Saturday, September 26, 2015

"Are You Serious?" Awards - Volume LXVI: The Why We Must Not Be Quiet Edition


The stories shared here each weekend have a way of creating a visceral response in the readers.  Too many of them are heartbreaking, leaving us concerned about the well-being of those we love and wondering about the character of our culture.

It is a natural response to want to cover our eyes and ears to such stories, or at the very least, to turn the other way, tuning them out.

Yet, here are two examples of why we MUST NOT be quiet...

Our first story harkens to January of 2014.  A 17 month old boy born with Down Syndrome was murdered by poisoning him with hand sanitizer.  The perpetrator?  His own mother.  It turns out this poor boy had been previously poisoned by his mother with perfume in 2012.

Are You SERIOUS?!  
Image courtesy of nixxphotography via freedigitalphotos.net
Just this week, the mother pleaded guilty to manslaughter in her son's death.  She was sentenced to 40 years in jail.  Her claim was that she merely wanted to end her son's suffering.  

Our second story takes place this week in the Chicago public schools.  The mother of a non-verbal 5 year old with epilepsy arrived at her son's classroom and found him dressed in a garbage bag "poncho," seated apart from the other children in his class.  When she challenged the teacher, she was told that the teacher was concerned the boy might get sick from a shirt wet with drool.  Despite the fact that the mother sent the boy to school with both bibs and a change of clothes, she learned the next day that he was once again dressed in a garbage bag, completely disregarding her original complaint.

Are You SERIOUS?!
Photo image courtesy of WGN-TV
This child's case has not only been made known to the principal, it is now under investigation by CPS.

There are two common threads in both of these stories that lead to such repugnant depravity:

  1. Ignorance
  2. A lack of value for life
THESE are the things that compel us to shun the notion of being silent at times where we would rather look away.  Until people gain a better understanding that a life with special needs is a wonderful, albeit different, life; until people increase in compassion; until humans recognize that they are all just one emergency room visit away from having a family with a disabled member; until educators, doctors, neighbors, insurance companies, and government workers all come to embrace the notion that every life is worthy of dignity and respect, WE MUST NOT BE QUIET.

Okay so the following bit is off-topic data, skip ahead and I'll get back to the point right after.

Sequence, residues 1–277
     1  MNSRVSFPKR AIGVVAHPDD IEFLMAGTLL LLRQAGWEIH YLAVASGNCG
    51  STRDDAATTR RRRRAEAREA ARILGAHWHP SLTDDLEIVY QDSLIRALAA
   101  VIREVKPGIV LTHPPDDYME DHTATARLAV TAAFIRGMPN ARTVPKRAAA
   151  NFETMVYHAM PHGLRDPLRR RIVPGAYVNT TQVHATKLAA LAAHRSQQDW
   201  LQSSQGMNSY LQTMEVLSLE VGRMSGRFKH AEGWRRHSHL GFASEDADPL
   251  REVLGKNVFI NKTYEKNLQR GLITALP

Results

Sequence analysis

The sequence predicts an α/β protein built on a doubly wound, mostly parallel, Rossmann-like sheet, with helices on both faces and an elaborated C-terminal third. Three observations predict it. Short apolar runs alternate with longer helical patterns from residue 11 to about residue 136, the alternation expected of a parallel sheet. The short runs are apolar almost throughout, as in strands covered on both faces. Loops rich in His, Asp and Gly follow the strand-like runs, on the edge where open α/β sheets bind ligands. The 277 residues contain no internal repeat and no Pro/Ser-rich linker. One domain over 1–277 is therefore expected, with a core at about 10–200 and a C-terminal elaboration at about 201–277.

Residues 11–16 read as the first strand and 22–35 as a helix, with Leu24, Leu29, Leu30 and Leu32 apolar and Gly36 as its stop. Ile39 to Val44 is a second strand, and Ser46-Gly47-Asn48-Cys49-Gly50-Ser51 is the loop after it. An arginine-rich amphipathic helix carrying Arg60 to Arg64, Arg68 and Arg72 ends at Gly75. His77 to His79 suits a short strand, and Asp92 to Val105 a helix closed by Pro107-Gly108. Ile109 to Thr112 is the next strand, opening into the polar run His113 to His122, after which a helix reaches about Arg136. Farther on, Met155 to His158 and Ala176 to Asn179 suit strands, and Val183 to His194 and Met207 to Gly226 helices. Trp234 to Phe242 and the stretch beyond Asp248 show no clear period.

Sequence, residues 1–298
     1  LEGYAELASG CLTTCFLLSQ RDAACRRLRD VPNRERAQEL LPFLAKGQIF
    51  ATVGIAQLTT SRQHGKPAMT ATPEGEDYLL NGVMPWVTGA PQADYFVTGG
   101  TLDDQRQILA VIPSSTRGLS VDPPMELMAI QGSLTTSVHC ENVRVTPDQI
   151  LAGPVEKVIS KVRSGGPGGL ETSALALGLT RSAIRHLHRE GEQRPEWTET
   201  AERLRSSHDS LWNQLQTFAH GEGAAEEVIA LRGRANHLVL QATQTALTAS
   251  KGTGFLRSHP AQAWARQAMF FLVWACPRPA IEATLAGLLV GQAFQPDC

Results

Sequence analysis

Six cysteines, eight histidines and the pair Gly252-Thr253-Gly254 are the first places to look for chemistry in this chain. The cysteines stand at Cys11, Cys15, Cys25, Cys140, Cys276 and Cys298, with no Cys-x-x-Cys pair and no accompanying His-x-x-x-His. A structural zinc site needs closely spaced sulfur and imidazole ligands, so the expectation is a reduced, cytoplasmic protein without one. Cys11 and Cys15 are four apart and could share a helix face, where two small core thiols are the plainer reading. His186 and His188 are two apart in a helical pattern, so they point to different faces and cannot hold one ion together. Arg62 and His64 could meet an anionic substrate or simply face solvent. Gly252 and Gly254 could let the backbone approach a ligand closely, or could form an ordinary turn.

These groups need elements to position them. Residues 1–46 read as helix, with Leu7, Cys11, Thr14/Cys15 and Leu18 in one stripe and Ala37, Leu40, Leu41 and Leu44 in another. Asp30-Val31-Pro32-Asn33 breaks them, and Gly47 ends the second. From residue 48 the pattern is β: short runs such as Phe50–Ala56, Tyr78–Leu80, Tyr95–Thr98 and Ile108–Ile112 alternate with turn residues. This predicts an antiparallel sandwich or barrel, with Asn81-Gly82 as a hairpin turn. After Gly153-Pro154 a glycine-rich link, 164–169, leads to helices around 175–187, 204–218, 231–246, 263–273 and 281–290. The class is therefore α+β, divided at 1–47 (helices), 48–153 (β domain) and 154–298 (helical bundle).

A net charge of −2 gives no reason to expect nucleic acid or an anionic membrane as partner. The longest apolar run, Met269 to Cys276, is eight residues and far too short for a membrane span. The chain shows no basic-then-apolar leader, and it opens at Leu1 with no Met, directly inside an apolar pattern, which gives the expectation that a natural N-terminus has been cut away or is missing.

God's call on our lives is to shine His light in the darkness.  His glory is on magnificent display through the lives of our complex kids.  It is our duty to build awareness, opening the eyes of others to a more accurate view of our remarkable children.

This means that we step up to be a voice for the voiceless, decrying injustice, and proclaiming the infinite worth of our sons and daughters............  Even when we would rather tune it all out and  turn the other way.   

~ Barb Dittrich


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2 comments:

  1. We have a mandate- and it's not to live comfortable happy lives. Your last sentence is profound, Barb! "We are to be a voice for the voiceless, decrying injustice, and proclaiming the infinite worth of our sons and daughters---EVEN when we would rather tune it all out and turn the other way!" Amen, sister!

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    Replies
    1. Thanks, Cindy. It is difficult and painful to even acknowledge these stories. But that pain is God's unique platform to tell His story to the world.

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